Good deeds include helping celebrity friends get a little privacy. George Clooney once was able to give his friends Angelina Jolie and Brad Pitt a little privacy. Rumors spread that Mr. Pitt and Ms. Jolie were going to be married at Mr. Clooney’s Italian home, Mr. Clooney rented hundreds of tables he did not need so that the rumor would be perpetuated and the paparazzi would go to his Italian home instead of to wherever Mr. Pitt and Ms. Jolie were. Speaking of rumors, before making the movie Bridget Jones’ Diary, Renee Zellweger dated Jim Carrey, with whom she had starred in Me, Myself & Irene. When she walked on the set of Bridget Jones’ Diary one day, she was applauded because everyone had heard that she had accepted a proposal from Mr. Carrey the night before. However, Ms. Zellweger was asleep at the time the proposal was supposed to have taken place. She was surprised that anyone was able to think that they had become engaged; after all, she points out, “I’d only been dating him a couple of months.”
Cult movie director John Waters, aka the Prince of Puke, is a true original. He writes all his scripts by hand on legal pads. He did once start to take a typing course, but the letters on the keys had all been blanked out. Mr. Waters thought that was “stupid,” so he walked out. Once Mr. Waters bought some postcards of the Pope so he could use them to answer fan mail. He asked the nun selling the postcards for a receipt, but the nun told him, “The Vatican doesn’t give receipts.” What was Mr. Waters’ reaction? He says, “I got so angry and accused her of laundering funds to anti-abortionists.” Here is one more quotation from this witty interviewee. Mr. Waters says, “I don’t have bad hair days. I have bad hair life. I did have long hair when I was young, but I looked like a pimp. I have instructed people to kill me if I ever wear a ponytail.”
Even big-time directors like Francis Ford Coppolo don’t have as much power as people tend to think they do. In 1997, he wanted to cast Johnny Depp—whom he regards as “one of the three greatest actors of his generation”—as the lead in The Rainmaker, but the movie studio would not let him do that because at the time Mr. Depp was not the major star that he is now. Therefore, Mr. Coppola had to tell him, “Listen, they absolutely forbid me to cast you in this.” Mr. Depp replied, “But we thought you were a god!” Mr. Coppola says, “A lot of people think that being a name director, you do absolutely what you want to do and only what you want to do. Maybe Steven Spielberg’s earned that right with his extraordinary career. But he would be the only one who has that type of power.”
Roger Ebert once was at a Cannes luncheon that was hosted by B-movie maven Sam Arkoff, who produced Beach Blanket Bingo and executive produced The Abominable Dr. Phibes. Movie critic Rex Reed had just seen Q, which Mr. Arkoff had executive produced, and in which a winged monster preyed on stockbrokers. Mr. Reed enthused, “What a surprise! Right in the middle of all that schlock, a great Method performance by Michael Moriarty!” Mr. Reed’s enthusiasm pleased Mr. Arkoff, who boasted, “The schlock was my idea.”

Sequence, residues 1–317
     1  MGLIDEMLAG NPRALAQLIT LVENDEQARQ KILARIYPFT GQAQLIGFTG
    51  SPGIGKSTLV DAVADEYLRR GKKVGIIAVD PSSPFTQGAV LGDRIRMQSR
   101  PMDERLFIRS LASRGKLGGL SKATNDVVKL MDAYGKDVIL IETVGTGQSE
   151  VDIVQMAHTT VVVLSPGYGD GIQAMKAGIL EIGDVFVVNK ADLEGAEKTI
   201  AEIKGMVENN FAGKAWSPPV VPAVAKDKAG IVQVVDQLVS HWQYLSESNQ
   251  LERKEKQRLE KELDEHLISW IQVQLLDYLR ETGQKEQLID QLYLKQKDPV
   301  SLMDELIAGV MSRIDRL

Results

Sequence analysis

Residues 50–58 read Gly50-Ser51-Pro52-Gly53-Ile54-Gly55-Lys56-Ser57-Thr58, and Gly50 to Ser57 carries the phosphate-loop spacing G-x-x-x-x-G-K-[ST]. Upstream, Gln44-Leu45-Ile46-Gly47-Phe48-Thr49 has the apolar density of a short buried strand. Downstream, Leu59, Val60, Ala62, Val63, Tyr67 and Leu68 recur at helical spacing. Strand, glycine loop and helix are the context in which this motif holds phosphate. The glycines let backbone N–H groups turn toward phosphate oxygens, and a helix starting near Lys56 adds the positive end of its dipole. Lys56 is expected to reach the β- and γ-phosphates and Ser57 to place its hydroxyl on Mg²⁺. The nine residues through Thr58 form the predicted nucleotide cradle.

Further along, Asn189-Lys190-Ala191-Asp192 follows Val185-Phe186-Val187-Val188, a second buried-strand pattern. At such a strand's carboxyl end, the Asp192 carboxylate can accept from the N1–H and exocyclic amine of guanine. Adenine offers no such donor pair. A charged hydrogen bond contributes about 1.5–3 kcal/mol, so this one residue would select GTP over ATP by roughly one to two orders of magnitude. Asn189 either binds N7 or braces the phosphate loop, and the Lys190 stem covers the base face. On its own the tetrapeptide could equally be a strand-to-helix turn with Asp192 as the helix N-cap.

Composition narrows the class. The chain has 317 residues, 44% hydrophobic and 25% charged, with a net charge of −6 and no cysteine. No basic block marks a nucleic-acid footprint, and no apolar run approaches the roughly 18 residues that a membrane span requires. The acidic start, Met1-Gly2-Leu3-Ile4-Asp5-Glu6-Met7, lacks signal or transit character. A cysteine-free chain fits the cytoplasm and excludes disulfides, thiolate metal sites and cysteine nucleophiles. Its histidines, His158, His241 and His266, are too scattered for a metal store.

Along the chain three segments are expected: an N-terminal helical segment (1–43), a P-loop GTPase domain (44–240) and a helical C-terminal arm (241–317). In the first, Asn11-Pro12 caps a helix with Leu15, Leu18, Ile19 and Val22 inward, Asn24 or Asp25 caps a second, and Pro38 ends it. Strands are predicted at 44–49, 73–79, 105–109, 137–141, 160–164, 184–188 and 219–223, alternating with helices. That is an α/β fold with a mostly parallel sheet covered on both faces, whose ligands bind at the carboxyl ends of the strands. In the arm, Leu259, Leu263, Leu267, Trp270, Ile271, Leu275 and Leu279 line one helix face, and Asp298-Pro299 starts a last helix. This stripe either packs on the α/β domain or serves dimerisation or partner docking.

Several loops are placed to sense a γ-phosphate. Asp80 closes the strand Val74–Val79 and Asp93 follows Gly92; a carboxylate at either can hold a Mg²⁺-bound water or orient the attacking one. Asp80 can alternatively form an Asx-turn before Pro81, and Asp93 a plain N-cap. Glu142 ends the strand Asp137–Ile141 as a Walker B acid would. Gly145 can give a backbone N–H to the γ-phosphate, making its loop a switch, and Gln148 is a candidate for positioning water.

When Tippi Hedron was being made up for a scene in which she is attacked by the antagonists in Alfred Hitchcock’s movie The Birds, her make-up artist, Howard Smit, covered her face with makeup that made her face looked bruised, bloody, scratched, and pecked. At one point late in the makeup session, Ms. Hedron saw her reflection in a mirror, said to Mr. Smit, “Pardon me for a moment,” then left and vomited.
During the filming of Robert Altman’s Nashville, he used a wide-screen Panavision frame. Actors were miked individually, and they didn’t even know if they were in the frame in some of the crowd scenes. One of the actors asked Mr. Altman, “How will I know if I’m on camera?” He replied, “You won’t. Just do something interesting, and you might end up in the picture.”
Eli Wallach’s first movie was Baby Doll, which co-starred another actor with a notable nose: Karl Malden. Mr. Wallach and his wife, Anne Jackson, saw the movie in a theater. The first time that Mr. Wallach and Mr. Malden appeared on the screen together, Ms. Jackson whispered to her husband, “Never have two noses filled the screen so completely.”
Laura Linney, renowned stage and movie actor, studied theater at Julliard, but like other famous actors, she went through a bad period in which she was trying to establish herself. One bad experience was auditioning for a TV commercial—during the audition this future two-time Oscar nominee (as of 2007) had to dance around like a chicken.
Ridley Scott has directed many different kinds of films including Alien, American Gangster, Blade Runner, Gladiator, Hannibal, Matchstick Men, and Thelma and Louise. As you would expect, he watches many, many films. At 11 p.m. he starts watching a movie, and he says that “if I’m still watching at 1, that means it’s a good film.”
Film director Josef von Sternberg was an artist. One day, he was preparing to take a full-length shot of Marlene Dietrich. Celebrity photographer John Engstead noticed some dirt on the floor and asked him if he wanted it cleaned up. Mr. Sternberg replied, “If anybody looks at the dirt instead of Ms. Dietrich, none of us are any good.”
Mae West knew what she wanted. Seeing a tall, dark, handsome man on the Paramount movie lot, she knew that she wanted him as a co-star for her movie She Done Him Wrong. She did her own casting, and she said, “If he can talk, I’ll take him.” The tall, dark, handsome man was Cary Grant, who was still early in his film career.
While filming Shallow Hal, Jack Black requested 32 takes of a certain scene because he wanted it to be perfect. Which scene? His love scene with the beautiful Gwyneth Paltrow.
Copyright by Bruce D. Bruce; All Rights Reserved
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